Organizations have always generally cared about their ability to recover backup data. However, the advent of ransomware has cast a new spotlight on it. Organizations must now prioritize recovering their workloads and data in the time and to the point their business requires. To do that, they may need to implement up to three (3) different rapid recovery offerings.
RPOs and RTOs
To select the most appropriate recovery offering(s), an organization should first establish its recovery point objectives (RPO) and recovery time objectives (RTO).
The RPO for each workload and set of data may differ. To establish an RPO, an organization must determine how much data it can afford to lose. If it can lose hours, days, or even a week or more of data, it may perform backups less frequently. Conversely, if it can only lose minimal or no data, it will need to implement robust data protection technologies.
In contrast, an RTO establishes how quickly an organization’s workloads and data must come back online to meet production requirements. Setting the right RTO for each workload or set of data necessitates they understand its importance to the organization’s operations. Further, they should not rely solely on the RPO associated with each workload or set of data to establish its RTO.
For instance, some organizations may have large data sets that change slowly or infrequently. Further, failing to capture the changes between each backup may not adversely affect the ability to recover the application.
A relatively static website offers a good illustration of this principle. A weekly or even monthly backup of the website may suffice. Any data lost (blog entries, graphical changes) between backups may be inconsequential in the overall scheme of things. However, the website’s RTO may be an hour or even minutes. In this case, an organization may measure a website’s RTO in seconds, minutes, or hours and its RPO in days or weeks.
3 Rapid Recovery Offerings
Only after an organization establishes its RPOs and RTOs should it select from available rapid recovery offerings. All these offerings have other use cases though each one facilitates rapid recovery to different degrees. Here are three common rapid recovery offerings that organizations may want to consider:
Cloud File Storage
Cloud file storage offerings function as network file servers. These offerings use a combination of local and cloud storage to deliver their network file services. Since many organizations store large amounts of production data on network file servers, cloud file storage offerings provide a logical starting point to deliver rapid recovery.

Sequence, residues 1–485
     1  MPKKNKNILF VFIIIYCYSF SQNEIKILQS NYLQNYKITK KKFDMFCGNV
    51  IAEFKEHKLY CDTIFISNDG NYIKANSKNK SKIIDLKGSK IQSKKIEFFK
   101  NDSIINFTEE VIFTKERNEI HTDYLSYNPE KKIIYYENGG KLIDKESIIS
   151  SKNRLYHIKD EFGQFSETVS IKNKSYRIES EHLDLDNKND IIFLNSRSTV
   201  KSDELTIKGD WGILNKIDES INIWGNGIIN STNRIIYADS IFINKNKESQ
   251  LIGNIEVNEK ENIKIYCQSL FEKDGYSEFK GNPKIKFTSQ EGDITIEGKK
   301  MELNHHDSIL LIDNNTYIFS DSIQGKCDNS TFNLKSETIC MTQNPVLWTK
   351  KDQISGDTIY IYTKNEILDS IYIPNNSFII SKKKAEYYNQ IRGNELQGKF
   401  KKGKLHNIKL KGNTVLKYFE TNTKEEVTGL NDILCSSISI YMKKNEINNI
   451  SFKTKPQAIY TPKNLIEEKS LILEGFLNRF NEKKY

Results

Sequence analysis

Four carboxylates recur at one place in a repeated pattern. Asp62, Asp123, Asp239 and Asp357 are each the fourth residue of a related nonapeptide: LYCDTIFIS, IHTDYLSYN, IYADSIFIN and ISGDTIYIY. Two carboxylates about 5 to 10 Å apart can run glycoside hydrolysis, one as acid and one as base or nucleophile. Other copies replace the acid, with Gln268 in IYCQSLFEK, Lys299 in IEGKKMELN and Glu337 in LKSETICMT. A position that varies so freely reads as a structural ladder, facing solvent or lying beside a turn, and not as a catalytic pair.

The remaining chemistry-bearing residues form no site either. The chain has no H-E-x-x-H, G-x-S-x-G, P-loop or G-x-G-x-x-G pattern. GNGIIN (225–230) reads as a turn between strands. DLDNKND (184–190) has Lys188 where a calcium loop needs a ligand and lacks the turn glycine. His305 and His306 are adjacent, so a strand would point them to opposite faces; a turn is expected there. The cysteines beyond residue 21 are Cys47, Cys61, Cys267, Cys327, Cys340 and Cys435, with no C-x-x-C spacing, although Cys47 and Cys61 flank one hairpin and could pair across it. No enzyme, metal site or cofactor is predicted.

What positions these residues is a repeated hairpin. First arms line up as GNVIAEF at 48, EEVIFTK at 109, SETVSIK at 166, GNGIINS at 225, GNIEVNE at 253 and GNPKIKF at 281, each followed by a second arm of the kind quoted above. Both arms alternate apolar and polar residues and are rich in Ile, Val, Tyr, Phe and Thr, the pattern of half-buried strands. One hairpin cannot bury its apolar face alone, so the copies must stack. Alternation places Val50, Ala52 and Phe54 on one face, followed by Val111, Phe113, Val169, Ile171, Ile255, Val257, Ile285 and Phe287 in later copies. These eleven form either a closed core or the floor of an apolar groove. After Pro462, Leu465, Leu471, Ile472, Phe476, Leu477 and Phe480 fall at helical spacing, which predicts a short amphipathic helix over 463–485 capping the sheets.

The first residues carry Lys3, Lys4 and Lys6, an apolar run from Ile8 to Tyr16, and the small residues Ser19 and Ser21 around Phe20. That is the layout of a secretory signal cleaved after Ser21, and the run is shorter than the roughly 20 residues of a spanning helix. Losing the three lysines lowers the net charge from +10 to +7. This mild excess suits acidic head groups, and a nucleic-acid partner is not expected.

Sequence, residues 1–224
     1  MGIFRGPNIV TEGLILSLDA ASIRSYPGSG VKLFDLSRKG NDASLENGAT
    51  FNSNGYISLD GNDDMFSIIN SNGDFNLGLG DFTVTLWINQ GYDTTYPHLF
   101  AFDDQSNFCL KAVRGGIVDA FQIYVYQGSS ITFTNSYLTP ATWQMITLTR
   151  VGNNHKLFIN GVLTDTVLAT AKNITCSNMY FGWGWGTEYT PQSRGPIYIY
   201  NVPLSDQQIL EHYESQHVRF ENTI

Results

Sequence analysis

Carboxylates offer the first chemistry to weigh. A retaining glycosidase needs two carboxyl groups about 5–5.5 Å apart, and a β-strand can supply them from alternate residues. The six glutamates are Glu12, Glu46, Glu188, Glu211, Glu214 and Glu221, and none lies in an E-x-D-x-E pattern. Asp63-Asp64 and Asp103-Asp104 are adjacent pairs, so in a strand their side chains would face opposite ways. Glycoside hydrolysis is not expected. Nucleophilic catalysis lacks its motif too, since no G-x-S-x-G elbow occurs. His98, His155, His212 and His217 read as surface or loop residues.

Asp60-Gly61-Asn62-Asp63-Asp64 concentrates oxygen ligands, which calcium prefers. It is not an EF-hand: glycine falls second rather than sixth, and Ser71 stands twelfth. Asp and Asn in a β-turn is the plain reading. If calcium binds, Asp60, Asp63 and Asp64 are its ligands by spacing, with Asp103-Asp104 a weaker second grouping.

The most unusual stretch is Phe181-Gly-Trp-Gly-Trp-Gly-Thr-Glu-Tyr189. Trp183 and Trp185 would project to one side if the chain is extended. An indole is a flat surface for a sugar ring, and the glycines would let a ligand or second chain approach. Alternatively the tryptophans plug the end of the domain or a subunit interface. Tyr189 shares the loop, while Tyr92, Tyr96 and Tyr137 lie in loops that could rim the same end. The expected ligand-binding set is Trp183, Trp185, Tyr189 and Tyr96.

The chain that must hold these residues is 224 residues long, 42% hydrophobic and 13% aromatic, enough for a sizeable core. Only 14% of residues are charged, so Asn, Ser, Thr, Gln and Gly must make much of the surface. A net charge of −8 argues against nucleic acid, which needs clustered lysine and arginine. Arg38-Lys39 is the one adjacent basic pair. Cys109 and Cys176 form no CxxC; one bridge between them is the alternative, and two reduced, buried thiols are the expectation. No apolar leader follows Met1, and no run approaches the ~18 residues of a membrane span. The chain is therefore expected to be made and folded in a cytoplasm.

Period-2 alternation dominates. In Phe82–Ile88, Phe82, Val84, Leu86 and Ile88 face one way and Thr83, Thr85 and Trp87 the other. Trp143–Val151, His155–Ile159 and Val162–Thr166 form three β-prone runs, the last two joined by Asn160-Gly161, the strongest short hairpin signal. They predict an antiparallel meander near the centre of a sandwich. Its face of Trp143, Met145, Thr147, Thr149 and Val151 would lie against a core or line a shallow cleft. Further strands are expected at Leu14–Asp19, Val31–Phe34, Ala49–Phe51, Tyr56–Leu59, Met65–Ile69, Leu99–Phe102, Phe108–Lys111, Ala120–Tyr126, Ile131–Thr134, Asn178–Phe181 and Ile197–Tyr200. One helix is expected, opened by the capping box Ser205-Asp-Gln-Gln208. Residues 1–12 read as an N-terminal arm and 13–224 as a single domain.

Cloud file storage offerings excel at hitting multiple concerns when it comes to rapid recovery. They may keep backup copies of data both on-premises and in the cloud. They do not require additional backup software to implement or manage them. They store the backups in an immutable format in the cloud. They can store terabytes or even petabytes of data and recover it to production in as quickly as a few minutes.
Backup Software/Integrated Backup Appliances
Backup software and integrated backup appliance primarily perform backups, as their name suggests. However, offerings from different providers can and do differ significantly in terms of how well they facilitate rapid recoveries.
For instance, some manage multiple types of local and cloud storage while others only provide limited storage choices. These storage choices influence how well each organization can meet its RPOs and RTOs.
Some backup software also provides one or more instant recovery options for virtual machines (VMs). One option facilitates running a production VM using the backup storage indefinitely. Another option also instantly recovers the VM using the backup storage. However, once the VM spins up, the backup software migrates the VM back onto production storage. Yet a third option uses snapshots taken on storage arrays to perform recoveries of VMs at scale.
The storage types and recovery feature each backup software offers can and should influence an organization’s backup software choice.
Storage arrays have always served as backup targets as they facilitate fast backups. However, they also facilitate fast recoveries, to include potentially hosting the recoveries on the storage array. Further, organizations have many high quality, highly performing storage arrays to use for this purpose.
Granted, some of these storage arrays lack some cutting-edge features of production arrays. However, they do not sacrifice in areas that matter for backup and restore, such as availability or reliability. They deliver these features at a substantial discount to storage arrays typically used in production.
Notably, more of these storage arrays used specifically for recovery offer options such as flash drives and data immutability. These attributes combined with their availability and reliability features make them suitable for hosting recoveries at scale indefinitely.
Rapid Recovery an Attainable Goal
Many organizations will likely need all three rapid recovery offerings to cost-effectively meet the collective RPO and RTO requirements of their environment. Perhaps what is most encouraging about this, organizations many already own these offerings or have budget line items for them. That makes achieving this goal of rapid recovery more than an aspiration but one that is attainable with current budget and available offerings.